Wine myths

Myth busters enjoy a field day with wine. Some examples:

• Dom Pierre Pérignon invented Champagne and proclaimed: “I am drinking stars.” Nope. The monk championed still wines and worked his entire 47 years at the Benedictine monastery trying to prevent his wines from getting fizzy.

By Pérignon’s death in 1715, some makers encouraged fermentation to continue in the bottle and provide fizz, but the secondary fermentation of today’s traditional method came much later. Partial credit goes to the widow (veuve in French) of Nicole-Barbe Cliquot and her cellar master who invented the process of “riddling” bottles around 1815—a century after Pérignon’s death (riddling—remuage in French—is technique to consolidate sediment during secondary fermentation in bottle). Even then, méthode champenoise was not perfected until the end of the century. The change was astonishing. In 1800, fewer than 300,000 bottles of Champagne were made annually. By 1900, the number was 30 million.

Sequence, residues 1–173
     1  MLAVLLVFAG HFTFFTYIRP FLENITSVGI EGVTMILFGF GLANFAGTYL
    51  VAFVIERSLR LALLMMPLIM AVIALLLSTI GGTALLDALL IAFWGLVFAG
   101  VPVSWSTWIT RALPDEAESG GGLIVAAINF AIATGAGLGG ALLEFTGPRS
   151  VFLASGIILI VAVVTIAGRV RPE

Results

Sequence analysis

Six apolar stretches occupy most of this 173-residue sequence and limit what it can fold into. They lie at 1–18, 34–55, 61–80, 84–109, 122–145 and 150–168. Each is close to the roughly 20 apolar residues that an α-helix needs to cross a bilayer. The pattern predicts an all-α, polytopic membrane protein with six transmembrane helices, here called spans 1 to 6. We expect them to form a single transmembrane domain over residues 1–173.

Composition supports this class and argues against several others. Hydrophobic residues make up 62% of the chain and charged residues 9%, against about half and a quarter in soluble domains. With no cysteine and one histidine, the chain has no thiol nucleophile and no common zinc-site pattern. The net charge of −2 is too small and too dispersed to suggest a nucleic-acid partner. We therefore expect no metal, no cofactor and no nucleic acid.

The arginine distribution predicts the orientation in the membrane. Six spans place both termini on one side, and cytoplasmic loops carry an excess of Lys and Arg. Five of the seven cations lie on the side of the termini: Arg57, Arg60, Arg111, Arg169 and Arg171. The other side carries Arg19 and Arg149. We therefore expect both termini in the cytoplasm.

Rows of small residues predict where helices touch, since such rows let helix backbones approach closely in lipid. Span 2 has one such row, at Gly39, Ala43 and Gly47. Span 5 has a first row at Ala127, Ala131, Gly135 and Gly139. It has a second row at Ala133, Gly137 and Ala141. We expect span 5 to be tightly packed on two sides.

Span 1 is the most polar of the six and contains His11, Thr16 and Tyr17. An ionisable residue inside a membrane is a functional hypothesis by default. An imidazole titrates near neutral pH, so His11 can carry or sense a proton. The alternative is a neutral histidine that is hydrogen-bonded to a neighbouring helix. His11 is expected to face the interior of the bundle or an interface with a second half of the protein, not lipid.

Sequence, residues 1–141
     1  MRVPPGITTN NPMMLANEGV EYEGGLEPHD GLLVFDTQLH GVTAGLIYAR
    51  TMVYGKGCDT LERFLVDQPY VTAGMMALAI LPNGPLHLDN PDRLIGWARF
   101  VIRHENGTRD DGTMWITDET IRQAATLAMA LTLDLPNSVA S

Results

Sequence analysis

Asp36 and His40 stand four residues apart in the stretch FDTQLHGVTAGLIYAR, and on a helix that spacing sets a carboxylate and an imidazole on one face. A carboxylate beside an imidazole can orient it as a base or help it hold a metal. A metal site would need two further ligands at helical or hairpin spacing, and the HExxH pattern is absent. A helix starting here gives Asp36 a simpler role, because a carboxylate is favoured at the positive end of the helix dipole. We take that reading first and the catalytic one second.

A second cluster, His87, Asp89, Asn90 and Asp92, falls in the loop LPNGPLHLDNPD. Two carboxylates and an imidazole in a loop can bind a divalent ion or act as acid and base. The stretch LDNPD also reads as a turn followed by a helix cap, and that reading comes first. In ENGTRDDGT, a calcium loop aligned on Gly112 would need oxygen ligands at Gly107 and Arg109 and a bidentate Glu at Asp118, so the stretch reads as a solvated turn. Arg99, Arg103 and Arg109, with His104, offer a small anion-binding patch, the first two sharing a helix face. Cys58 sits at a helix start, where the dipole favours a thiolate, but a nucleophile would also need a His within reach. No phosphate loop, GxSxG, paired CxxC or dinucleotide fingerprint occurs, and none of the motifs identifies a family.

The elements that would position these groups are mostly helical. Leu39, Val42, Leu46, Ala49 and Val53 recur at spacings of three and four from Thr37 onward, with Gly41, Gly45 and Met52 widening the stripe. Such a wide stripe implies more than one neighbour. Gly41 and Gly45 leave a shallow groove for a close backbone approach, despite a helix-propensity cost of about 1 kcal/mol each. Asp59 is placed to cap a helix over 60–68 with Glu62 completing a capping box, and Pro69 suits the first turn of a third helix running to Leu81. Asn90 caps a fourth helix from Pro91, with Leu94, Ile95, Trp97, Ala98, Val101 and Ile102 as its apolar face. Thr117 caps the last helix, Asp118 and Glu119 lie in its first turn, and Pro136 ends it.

• “Legs” are evidence of wine quality. Nope. Legs are the streaks down the side of a wine glass. They largely are a product of the alcohol level. Thicker, slower legs can indicate a higher alcohol level, but that is separate and quite apart from quality.

• Old wines taste better than new wines. Nope. Very few wines improve with age, and those that do require careful cellaring—consistent temperature, humidity, darkness, minimal handling and vibration. Most wine will not improve with age or will improve only slightly and for only a few years.

• Wine contains large amounts of sulfites, especially red wines. Nope. An entire bottle of wine has less sulfite than a single dried apricot, and white wine typically has more sulfite than red. Less than one-half of one percent of the U.S. population actually suffers from a sulfite allergy.

• White wine is low in calories. Not necessarily. Calories in wine come from alcohol, so a high alcohol white will have more calories than a low alcohol red. White wines do tend to have less alcohol, but the differences often are slight. Six ounces of high alcohol wine can have as much as 200 calories, low alcohol wine as little as 100 calories. Beer and fruit juice typically have more calories than wine.

Last round: The only time I ever said no to the offer of a glass of wine was when I misunderstood the question.

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